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Some people can't be taught, no matter what method you use. Even the Education Tape machine failed on some abnormal individuals...
—Introduction in Astounding Science Fiction

First published in Astounding Science Fiction (July 1957 issue), it was reprinted in the UK edition for the November 1957 issue. This Science Fiction Novella by Isaac Asimov takes place in The Future where everyone is educated with computer tapes recorded directly into your brain. However, there exists a class of people who cannot be educated this way. They are instead kept apart from the rest of society and kept as wards of the government.

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George Platen is a resident of "A House for the Feeble-minded". He and his roommate Hali Omani are incapable of becoming educated, so they're held as wards of the government. Olympics Day approaches, and this starts another argument between the two of them.

George's introspection leads to a Flashback to when he and Armand Trevelyan (Stubby to his friends) were eight years old, on Reading Day. Reading Day is when children get the ability to read and write imprinted into their heads. While there, the children are tested for potential aptitudes, but this is hidden from them.

Next, the story jumps forward to Education Day, where eighteen-year-old George and Trevelyan take their aptitude test and assignment to the job that best fits their abilities. According to the test, however, George cannot be taught by the computer. So he is sent to a House for the Feeble-minded.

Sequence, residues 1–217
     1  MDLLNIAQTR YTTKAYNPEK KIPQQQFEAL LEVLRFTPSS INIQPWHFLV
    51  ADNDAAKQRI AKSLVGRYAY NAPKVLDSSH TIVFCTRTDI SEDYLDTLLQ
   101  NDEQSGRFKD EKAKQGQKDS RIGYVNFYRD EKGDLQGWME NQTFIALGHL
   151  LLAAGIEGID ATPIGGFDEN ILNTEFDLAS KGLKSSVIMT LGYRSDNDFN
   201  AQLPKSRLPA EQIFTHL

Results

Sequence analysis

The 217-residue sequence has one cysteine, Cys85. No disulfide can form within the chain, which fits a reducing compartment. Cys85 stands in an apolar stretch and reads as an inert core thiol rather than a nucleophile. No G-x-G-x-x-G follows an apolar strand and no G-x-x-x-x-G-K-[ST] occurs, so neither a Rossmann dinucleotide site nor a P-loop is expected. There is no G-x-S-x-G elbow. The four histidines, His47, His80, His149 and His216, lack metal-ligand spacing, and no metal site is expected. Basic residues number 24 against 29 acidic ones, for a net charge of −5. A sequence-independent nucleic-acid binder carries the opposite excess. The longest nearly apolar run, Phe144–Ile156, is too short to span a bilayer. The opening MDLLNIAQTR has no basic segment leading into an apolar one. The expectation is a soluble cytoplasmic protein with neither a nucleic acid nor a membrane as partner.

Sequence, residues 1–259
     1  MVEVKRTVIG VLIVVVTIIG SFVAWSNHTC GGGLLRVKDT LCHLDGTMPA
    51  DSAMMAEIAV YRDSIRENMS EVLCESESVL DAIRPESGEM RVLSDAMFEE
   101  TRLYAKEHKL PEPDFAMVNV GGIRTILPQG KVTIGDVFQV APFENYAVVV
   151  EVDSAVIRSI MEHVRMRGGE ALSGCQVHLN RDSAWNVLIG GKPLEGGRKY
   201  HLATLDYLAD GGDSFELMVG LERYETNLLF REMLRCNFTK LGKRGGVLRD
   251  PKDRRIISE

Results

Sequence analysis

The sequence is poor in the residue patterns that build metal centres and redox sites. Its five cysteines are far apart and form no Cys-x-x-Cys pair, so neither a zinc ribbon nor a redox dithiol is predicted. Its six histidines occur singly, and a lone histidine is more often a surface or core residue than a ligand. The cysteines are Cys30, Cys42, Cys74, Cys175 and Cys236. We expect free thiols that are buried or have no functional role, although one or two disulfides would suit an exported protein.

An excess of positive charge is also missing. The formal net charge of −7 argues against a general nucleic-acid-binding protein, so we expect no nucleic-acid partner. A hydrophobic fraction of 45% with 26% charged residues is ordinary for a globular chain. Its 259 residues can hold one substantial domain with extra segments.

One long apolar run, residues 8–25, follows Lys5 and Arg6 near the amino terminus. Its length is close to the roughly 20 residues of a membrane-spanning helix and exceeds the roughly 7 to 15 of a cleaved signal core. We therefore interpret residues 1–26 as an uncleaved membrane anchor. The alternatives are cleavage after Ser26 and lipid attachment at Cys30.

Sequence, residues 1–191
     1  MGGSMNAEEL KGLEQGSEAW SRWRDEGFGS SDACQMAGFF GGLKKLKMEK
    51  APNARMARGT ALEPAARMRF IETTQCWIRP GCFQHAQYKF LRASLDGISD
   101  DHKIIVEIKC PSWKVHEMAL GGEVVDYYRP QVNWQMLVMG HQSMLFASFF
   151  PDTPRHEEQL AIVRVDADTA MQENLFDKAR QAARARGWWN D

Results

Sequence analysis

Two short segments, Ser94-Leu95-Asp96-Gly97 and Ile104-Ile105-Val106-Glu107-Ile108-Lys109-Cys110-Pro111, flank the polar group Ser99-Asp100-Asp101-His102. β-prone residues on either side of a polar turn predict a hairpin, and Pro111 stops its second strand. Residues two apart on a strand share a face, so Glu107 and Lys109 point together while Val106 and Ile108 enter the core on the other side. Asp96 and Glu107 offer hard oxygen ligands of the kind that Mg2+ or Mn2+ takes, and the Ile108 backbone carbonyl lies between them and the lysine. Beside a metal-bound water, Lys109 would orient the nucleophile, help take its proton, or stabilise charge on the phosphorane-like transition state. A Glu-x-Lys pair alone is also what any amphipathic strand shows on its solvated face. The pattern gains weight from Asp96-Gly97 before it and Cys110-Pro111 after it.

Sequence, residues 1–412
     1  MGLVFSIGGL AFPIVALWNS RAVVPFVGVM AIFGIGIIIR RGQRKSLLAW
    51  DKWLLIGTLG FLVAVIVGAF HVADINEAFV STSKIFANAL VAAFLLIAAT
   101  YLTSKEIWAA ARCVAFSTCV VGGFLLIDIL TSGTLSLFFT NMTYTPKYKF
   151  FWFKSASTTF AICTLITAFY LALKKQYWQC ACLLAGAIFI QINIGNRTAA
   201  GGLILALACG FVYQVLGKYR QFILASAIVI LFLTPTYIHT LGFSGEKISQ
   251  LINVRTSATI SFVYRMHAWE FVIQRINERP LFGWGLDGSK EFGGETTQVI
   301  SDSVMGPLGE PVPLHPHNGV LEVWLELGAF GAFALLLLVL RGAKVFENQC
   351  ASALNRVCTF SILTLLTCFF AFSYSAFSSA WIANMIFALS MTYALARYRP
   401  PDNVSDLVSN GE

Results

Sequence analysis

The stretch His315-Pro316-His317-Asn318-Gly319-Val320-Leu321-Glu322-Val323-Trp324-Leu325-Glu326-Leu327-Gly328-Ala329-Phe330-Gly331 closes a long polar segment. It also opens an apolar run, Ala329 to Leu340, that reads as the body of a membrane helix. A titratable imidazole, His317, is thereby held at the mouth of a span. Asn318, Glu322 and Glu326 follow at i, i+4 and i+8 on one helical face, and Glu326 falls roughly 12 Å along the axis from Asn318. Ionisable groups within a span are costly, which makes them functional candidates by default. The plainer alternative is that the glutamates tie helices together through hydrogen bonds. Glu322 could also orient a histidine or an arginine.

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Finally catching up to the start of the story, George decides to escape, and confront the doctor that assigned him to the Home for the Feeble-minded instead of a Profession. No locks hold him with the building, no police are sent to retrieve them, he's able to cross the country to San Francisco to look for the doctor that sent him to the House instead of assigning him to Computer Programmer.

Distracted by the announcement that his friend Trevelyn is competing in the Olympics, George goes to watch. After Trevelyn's poor showing, George tries to console him, when Trev's anger and frustration turn on George, demanding what sort of Profession he was given. The police come to break up the altercation before any violence happens, but George's identity as a "feeble-minded" is about to be revealed.

Luckily, a stranger rescues George from the police and offers to host George for awhile. He turns out to be Ladislas Ingenescu, Registered Historian, and George notices by the way the police defer to him that he must be important. So George shares dinner with him and convinces Ingenescu to contact a Novian official. Although the interview itself goes poorly, the Secret Test has been passed, and George returns to the Home and Omani for the Dénouement.